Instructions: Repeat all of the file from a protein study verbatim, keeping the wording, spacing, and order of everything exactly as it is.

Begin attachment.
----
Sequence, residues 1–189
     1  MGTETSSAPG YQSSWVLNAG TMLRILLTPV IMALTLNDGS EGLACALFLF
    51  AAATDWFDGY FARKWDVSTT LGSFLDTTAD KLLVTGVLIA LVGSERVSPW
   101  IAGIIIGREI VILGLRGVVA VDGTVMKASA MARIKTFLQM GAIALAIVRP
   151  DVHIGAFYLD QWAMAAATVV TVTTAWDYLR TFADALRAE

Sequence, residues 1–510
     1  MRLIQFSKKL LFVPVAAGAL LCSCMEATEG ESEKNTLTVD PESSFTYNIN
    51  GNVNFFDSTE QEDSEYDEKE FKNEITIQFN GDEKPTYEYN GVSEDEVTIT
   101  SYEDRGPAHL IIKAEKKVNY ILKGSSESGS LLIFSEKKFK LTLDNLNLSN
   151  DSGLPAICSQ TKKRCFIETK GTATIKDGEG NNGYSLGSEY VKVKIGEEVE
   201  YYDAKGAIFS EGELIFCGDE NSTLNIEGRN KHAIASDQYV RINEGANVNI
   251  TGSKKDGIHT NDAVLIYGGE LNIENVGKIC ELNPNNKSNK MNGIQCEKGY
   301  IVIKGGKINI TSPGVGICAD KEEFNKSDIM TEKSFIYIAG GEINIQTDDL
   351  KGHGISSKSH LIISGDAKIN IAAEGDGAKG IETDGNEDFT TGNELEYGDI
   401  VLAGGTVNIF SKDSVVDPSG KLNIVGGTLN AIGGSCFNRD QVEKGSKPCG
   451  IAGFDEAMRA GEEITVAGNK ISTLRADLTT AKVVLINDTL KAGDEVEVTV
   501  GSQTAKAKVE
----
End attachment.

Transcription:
Sequence, residues 1–189
     1  MGTETSSAPG YQSSWVLNAG TMLRILLTPV IMALTLNDGS EGLACALFLF
    51  AAATDWFDGY FARKWDVSTT LGSFLDTTAD KLLVTGVLIA LVGSERVSPW
   101  IAGIIIGREI VILGLRGVVA VDGTVMKASA MARIKTFLQM GAIALAIVRP
   151  DVHIGAFYLD QWAMAAATVV TVTTAWDYLR TFADALRAE

Sequence, residues 1–510
     1  MRLIQFSKKL LFVPVAAGAL LCSCMEATEG ESEKNTLTVD PESSFTYNIN
    51  GNVNFFDSTE QEDSEYDEKE FKNEITIQFN GDEKPTYEYN GVSEDEVTIT
   101  SYEDRGPAHL IIKAEKKVNY ILKGSSESGS LLIFSEKKFK LTLDNLNLSN
   151  DSGLPAICSQ TKKRCFIETK GTATIKDGEG NNGYSLGSEY VKVKIGEEVE
   201  YYDAKGAIFS EGELIFCGDE NSTLNIEGRN KHAIASDQYV RINEGANVNI
   251  TGSKKDGIHT NDAVLIYGGE LNIENVGKIC ELNPNNKSNK MNGIQCEKGY
   301  IVIKGGKINI TSPGVGICAD KEEFNKSDIM TEKSFIYIAG GEINIQTDDL
   351  KGHGISSKSH LIISGDAKIN IAAEGDGAKG IETDGNEDFT TGNELEYGDI
   401  VLAGGTVNIF SKDSVVDPSG KLNIVGGTLN AIGGSCFNRD QVEKGSKPCG
   451  IAGFDEAMRA GEEITVAGNK ISTLRADLTT AKVVLINDTL KAGDEVEVTV
   501  GSQTAKAKVE